Skip to content

Meet PhD Student Kartikey Mathur

Fri, 15 January, 2021

The National Structural Integrity Research Centre (NSIRC) is delighted to welcome the first new PhD student of 2021.

Kartikey Mathur has joined the NSIRC PhD programme and will be based within Industry at TWI in Cambridge. His PhD is awarded by Lancaster University, one of the UK's top universities in The Guardian University Guide, and sponsored by Lloyd's Register Foundation, a founding partner of NSIRC.

Working within the Friction and Forge Processes Section, Kartikey will receive PhD supervision from both an Industrial Supervisor and an Academic Supervisor, a unique benefit to NSIRC graduate students.


Kartikey Mathur, PhD Student with NSIRC and Lancaster University, his research is sponsored and supported by Lloyd's Register Foundation.
Kartikey Mathur, PhD Student with NSIRC and Lancaster University, his research is sponsored and supported by Lloyd's Register Foundation.

Hi Kartikey, congratulations on joining NSIRC! Could you tell us a little about academic background?

Thank you! I hold an undergraduate degree in Mechatronics Engineering and I my Master's is in Naval Architecture & Ocean Engineering from the Indian Maritime University. During my undergrad degree, I was more inclined towards industrial robotics and control systems. So, I choose to follow my interest in robotics and designed and fabricated a coral monitoring ROV as a part of my Master's degree.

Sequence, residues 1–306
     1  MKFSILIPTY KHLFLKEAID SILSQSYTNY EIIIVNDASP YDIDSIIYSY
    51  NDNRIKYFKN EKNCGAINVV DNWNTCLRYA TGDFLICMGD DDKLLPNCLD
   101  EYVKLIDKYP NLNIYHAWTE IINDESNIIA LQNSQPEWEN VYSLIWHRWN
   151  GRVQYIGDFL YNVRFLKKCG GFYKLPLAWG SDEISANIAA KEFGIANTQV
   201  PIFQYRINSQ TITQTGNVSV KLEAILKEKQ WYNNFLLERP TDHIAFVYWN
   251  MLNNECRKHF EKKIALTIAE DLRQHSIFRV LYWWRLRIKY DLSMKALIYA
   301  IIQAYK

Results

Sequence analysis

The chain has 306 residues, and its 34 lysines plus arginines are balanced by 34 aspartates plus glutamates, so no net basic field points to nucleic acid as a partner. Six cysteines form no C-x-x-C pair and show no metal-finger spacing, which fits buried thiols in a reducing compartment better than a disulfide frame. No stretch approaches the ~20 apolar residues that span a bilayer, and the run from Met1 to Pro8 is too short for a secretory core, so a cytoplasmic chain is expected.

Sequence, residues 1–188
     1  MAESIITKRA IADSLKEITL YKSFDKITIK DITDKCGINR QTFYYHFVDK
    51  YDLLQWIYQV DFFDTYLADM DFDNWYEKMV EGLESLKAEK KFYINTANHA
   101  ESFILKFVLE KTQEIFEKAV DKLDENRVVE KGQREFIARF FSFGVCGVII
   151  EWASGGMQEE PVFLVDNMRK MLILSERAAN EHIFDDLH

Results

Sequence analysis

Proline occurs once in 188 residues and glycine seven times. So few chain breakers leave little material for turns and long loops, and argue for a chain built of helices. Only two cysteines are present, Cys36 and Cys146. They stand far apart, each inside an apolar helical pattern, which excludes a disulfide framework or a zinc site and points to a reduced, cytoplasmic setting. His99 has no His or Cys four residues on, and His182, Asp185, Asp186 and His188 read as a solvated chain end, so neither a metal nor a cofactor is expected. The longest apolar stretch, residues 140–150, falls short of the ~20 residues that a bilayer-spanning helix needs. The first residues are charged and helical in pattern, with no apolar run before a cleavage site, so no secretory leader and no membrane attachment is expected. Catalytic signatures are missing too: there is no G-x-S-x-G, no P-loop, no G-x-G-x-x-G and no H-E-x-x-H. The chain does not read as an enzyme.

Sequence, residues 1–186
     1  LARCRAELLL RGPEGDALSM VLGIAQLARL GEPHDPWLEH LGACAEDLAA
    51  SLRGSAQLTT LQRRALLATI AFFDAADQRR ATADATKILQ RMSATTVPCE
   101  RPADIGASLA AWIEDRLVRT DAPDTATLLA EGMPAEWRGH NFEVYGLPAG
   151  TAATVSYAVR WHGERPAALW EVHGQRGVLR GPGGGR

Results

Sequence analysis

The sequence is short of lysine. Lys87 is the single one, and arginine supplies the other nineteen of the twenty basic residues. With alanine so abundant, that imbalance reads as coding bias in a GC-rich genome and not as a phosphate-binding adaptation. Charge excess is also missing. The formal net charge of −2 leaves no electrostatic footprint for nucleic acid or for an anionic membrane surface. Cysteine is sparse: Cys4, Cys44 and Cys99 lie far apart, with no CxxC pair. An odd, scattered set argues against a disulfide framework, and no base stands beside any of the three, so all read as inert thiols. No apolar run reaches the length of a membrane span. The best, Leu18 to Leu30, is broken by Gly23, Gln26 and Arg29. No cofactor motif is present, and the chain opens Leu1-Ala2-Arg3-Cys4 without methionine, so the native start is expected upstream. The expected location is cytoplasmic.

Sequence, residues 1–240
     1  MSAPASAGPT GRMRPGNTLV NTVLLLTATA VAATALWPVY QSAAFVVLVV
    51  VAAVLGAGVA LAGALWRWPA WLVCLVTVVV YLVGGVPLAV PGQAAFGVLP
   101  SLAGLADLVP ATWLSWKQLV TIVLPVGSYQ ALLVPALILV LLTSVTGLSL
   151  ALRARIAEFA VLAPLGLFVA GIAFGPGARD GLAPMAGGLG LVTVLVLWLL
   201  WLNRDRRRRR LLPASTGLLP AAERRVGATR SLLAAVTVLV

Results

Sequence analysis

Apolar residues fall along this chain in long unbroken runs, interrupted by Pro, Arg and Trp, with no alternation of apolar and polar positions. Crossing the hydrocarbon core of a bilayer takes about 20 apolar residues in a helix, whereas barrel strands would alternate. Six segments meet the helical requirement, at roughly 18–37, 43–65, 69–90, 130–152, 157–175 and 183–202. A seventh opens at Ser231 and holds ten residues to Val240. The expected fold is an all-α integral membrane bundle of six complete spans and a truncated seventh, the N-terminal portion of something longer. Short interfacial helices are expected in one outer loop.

What made you choose this higher education programme?

After my Master's I started looking for PhD positions related to Industry 4.0 and Digital Manufacturing. That's when I came across this PhD position. I have known about TWI since my M.Tech and when I got the call for an interview, I knew that this was the perfect opportunity to contribute to the field of Digital Manufacturing.

Could you tell us about your topic and why industry is calling for this research?

There has been significant research in the field of Friction Stir Welding (FSW) but researchers have been more focused on optimising the process mechanically. I am working on the project `In-process Quality Monitoring of Friction Stir Welding'.

In-line fault detection has always been a critical job for Friction Stir Welded parts. My research would be focused on merging machine learning with FSW to provide efficient solutions to in-line fault detection and quality management.

What are your aspirations for after your research degree?

FSW has a wide range of applications and there are many variants employed in different industries. After my PhD, I would like to extend my research on assessing the efficiency of the FSW process using Parallel Kinematic Machines (PKMs).

If you could give advice to someone who may be thinking about applying to be PhD candidate with NSIRC, what would it be?

For anybody who is looking to contribute to society with their research, NSIRC is the place to be.

The unparalleled industrial exposure and supervision from experts would not only enhance your knowledge, but would also give your research new dimensions. NSIRC and TWI's vast industrial collaboration keeps you in pace which the advancement in technology and the present need of the industry.


Other NSIRC stories to read:

Meet Anurag Niranjan, PhD Student

Vishal's experience of coming from India to study in Cambridge

MSc and MBA courses within industry at NSIRC